I remember how surprised I was to discover that the lotus postures are recommended precisely for their comfort, and also because the postures are a physical expression of what we are trying to achieve in meditation. Sitting in full- or half-lotus holds your hips in a position that makes your back naturally erect, because it places your shoulders directly over your hips.
This forms a vertical axis right through your upper torso, so that you feel physically centered. This is also a posture of great awareness, just lie when you sit on the edge of your chair at the climax of a movie. In zazen this principle is applied in reverse; by holding ourselves erect, we very easily remain alert.
Further advantages include the triangular formation made when we sit crosslegged, which gives great lateral stability to the posture, and the way the position of the hips gives stability front to back. This stability helps us to remain extremely still without conscious effort to hold ourselves upright. Since we are not reclining against any surface, our circulation is not impeded and there is no need to fidget. In this attitude of still, alert, centered comfort we find the essence of meditation to which tortured endurance bears no resemblance. So, although there is good reason o want to develop the ability to sit comfortably and regularly on a chair or kneeling (which lack only the lateral stability of crosslegged postures) and gradually work into Burmese or one of the lotus positions when and if it feels right.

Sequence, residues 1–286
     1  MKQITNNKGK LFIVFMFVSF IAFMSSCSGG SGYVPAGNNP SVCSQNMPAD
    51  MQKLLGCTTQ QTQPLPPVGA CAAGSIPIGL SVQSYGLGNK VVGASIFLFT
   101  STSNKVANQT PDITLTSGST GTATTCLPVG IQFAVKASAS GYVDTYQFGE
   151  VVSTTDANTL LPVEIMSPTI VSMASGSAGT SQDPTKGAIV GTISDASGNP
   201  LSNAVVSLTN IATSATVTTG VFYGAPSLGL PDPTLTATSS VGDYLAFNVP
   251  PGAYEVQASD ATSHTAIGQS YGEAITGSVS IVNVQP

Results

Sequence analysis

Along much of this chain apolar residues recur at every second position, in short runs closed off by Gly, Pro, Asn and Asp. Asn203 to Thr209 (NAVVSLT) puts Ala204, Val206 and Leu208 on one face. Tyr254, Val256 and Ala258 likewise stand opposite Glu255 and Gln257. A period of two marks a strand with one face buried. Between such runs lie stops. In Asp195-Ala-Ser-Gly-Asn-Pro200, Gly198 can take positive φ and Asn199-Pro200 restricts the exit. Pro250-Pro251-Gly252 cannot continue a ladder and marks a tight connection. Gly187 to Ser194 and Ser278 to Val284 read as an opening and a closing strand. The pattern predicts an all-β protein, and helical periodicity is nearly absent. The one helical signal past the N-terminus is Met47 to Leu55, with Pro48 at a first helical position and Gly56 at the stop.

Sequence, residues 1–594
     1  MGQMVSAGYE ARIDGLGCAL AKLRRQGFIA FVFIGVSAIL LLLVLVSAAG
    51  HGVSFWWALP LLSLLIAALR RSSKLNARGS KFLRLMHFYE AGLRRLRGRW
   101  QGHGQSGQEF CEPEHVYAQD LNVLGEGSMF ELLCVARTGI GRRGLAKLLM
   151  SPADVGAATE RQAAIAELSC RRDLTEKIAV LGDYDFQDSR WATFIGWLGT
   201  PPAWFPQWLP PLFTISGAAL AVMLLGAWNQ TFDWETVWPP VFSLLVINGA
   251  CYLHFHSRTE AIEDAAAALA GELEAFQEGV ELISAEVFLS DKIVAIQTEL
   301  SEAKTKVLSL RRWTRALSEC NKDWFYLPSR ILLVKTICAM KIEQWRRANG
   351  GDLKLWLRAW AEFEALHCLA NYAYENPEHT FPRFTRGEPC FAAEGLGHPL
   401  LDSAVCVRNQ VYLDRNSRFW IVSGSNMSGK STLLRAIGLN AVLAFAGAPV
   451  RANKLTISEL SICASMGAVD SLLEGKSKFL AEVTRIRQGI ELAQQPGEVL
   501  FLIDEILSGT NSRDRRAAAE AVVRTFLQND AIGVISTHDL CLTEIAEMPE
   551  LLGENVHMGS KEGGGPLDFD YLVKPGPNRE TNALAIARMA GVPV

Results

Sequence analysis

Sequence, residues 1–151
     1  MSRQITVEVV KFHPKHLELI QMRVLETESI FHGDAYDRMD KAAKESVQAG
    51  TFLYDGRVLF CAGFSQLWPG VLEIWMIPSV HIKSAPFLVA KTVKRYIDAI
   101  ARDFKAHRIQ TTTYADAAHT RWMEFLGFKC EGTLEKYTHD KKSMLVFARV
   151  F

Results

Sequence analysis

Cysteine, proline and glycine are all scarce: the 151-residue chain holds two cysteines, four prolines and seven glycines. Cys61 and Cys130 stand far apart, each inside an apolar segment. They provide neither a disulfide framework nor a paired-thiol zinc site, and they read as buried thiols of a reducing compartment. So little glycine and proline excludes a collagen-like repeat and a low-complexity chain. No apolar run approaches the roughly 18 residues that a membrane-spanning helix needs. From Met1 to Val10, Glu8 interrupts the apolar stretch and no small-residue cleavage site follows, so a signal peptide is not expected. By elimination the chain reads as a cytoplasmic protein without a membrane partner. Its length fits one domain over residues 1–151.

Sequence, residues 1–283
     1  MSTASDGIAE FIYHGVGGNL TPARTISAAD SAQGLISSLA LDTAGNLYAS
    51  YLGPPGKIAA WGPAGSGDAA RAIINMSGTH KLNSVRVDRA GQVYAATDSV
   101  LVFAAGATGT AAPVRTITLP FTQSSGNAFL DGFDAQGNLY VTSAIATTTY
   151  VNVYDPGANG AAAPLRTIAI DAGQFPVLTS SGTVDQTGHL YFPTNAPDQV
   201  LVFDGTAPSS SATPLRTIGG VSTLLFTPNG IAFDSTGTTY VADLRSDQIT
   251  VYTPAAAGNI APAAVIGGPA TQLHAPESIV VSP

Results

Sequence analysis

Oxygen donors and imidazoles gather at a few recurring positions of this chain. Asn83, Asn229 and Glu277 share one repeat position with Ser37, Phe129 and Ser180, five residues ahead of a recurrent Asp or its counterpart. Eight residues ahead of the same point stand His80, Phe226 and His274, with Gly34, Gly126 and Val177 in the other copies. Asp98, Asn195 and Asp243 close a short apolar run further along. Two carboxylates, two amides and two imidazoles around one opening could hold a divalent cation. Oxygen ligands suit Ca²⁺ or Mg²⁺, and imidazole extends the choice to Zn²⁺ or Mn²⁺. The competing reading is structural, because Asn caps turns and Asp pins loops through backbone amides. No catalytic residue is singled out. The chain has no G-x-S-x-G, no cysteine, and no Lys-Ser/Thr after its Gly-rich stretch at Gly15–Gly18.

The question of how hard to push in meditation also comes up with regard to the length of time we spend doing it, regardless of posture. People these days are very busy, and it seems as though there are more demands on our time than there are hours in a day. It is bad enough when the mind wanders and we gt restless and start to fidget, but it is worse when we feel the call of half-a-dozen things demanding our attention. You can almost hear the clock ticking in someone’s head when that happens.
The problem arises partly because we try to separate the time for meditation from everything else we do. There are many times that this is actually very good to do, but not when it creates conflict in our own minds about what we should be doing. Just as trying to conform to an ideal posture can set body and mind at odds, so can trying to conform to a set time of day or duration of time for meditation practice. If you don’t decide ahead of time that you are going to sit for twenty or thirty minutes, you can bypass the issue of “budgeting time.”